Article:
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"The Cost of Bad Parents: Evidence from the Effects of Parental Incarceration on Children's Education"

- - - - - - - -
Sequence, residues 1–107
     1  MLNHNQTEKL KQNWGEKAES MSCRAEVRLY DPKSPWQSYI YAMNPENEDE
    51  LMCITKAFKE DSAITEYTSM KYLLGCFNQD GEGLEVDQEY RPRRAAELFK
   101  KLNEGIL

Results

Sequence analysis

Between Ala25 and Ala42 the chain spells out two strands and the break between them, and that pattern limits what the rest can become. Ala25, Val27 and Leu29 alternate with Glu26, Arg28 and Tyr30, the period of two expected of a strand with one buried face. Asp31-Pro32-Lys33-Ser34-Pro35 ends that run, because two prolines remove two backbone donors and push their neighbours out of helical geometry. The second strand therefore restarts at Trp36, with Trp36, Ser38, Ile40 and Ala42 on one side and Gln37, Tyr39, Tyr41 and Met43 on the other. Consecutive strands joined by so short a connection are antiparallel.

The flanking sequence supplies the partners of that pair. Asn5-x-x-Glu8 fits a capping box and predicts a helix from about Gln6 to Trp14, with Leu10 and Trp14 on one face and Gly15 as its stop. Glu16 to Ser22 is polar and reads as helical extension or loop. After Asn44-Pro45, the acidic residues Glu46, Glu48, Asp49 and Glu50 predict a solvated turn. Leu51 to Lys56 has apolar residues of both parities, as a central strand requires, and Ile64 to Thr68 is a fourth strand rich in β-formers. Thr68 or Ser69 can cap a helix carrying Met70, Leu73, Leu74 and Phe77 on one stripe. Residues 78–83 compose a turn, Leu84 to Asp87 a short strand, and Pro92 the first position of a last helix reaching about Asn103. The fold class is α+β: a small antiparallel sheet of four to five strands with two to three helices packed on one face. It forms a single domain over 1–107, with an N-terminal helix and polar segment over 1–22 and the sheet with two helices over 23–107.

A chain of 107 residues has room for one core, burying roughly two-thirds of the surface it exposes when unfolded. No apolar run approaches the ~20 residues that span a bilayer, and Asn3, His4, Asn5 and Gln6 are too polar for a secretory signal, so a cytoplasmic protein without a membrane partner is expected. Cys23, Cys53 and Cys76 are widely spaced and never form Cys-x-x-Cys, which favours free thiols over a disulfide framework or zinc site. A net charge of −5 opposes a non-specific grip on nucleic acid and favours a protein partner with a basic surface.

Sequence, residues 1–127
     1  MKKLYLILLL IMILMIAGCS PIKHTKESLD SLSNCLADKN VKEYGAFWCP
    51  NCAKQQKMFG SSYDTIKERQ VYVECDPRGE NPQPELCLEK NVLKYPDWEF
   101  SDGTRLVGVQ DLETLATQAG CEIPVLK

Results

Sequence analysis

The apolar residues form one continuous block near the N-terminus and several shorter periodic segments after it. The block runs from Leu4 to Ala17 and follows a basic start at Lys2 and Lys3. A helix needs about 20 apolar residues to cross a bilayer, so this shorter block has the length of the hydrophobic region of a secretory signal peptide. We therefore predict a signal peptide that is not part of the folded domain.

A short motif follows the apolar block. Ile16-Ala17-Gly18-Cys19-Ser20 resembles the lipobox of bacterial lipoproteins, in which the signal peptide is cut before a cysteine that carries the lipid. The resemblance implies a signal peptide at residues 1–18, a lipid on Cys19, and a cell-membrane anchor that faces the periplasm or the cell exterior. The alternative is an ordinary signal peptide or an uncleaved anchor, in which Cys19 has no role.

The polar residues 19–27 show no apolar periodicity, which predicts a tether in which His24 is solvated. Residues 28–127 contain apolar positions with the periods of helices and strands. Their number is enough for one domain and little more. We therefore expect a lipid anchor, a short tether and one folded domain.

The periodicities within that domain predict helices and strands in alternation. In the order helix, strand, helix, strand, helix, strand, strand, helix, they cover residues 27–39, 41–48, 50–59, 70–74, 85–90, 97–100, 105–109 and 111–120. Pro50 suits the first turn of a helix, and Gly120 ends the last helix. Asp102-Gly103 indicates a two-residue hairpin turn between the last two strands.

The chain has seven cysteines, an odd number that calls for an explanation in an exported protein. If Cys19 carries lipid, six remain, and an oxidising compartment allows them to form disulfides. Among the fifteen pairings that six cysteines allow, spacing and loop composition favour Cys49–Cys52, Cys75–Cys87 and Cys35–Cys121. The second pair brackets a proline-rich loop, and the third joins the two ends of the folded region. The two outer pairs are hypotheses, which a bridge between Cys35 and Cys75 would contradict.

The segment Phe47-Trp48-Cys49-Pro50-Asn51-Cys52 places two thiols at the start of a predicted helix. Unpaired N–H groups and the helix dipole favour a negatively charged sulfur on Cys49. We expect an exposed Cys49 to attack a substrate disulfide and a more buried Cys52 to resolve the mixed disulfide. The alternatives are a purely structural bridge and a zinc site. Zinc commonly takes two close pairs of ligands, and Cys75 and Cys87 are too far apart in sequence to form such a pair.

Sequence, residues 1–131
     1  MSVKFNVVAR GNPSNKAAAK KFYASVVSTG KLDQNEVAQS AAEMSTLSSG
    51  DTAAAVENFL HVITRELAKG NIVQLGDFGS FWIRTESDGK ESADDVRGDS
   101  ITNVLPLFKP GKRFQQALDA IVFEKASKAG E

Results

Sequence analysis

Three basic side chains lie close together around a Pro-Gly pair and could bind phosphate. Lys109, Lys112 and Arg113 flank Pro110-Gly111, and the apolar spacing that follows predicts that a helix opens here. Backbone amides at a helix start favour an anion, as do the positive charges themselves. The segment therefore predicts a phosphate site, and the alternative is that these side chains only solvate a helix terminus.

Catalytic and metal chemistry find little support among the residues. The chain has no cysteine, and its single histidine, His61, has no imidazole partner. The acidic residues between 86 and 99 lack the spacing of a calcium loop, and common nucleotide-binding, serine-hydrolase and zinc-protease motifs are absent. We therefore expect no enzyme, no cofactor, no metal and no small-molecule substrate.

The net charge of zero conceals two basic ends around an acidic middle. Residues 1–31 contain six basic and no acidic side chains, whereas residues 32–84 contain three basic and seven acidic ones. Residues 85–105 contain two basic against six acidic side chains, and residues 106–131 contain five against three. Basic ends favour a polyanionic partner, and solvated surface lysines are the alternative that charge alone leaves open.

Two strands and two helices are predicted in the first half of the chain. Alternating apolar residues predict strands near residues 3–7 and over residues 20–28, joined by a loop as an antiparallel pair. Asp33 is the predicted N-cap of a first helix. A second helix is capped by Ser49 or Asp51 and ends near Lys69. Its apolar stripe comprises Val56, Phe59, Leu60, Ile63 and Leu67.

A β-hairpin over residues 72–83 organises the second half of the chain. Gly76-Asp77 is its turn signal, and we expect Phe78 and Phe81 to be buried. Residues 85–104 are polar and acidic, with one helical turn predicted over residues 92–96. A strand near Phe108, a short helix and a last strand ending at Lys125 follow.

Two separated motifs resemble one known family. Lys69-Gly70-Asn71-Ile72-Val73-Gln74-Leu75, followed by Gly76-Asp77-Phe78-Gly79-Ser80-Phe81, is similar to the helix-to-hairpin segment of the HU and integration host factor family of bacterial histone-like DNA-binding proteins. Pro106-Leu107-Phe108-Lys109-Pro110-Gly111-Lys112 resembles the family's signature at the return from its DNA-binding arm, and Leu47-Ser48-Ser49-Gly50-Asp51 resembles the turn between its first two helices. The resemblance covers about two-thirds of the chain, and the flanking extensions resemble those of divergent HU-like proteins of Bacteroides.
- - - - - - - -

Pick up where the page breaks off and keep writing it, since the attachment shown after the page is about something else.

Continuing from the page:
This paper provides evidence that parental incarceration increases children’s educational attainment. I collect criminal records for 90,000 low-income parents who have been convicted of a crime in Colombia, which I combine with administrative data on the educational attainment of their children. I exploit exogenous variation in parental incarceration resulting from the random assignment of defendants to judges with different propensities to convict and incarcerate. Because I only observe defendants who are convicted, my identification strategy differs from previous judge IV applications. To address this challenge, I depart from the single dimension threshold setting, and model conviction and incarceration in the context of a multiple dimension threshold crossing model, thereby defining a new policy-relevant causal parameter. I find that conditional on conviction, parental incarceration increases education by 0.7 years for children whose parents are on the margin of incarceration.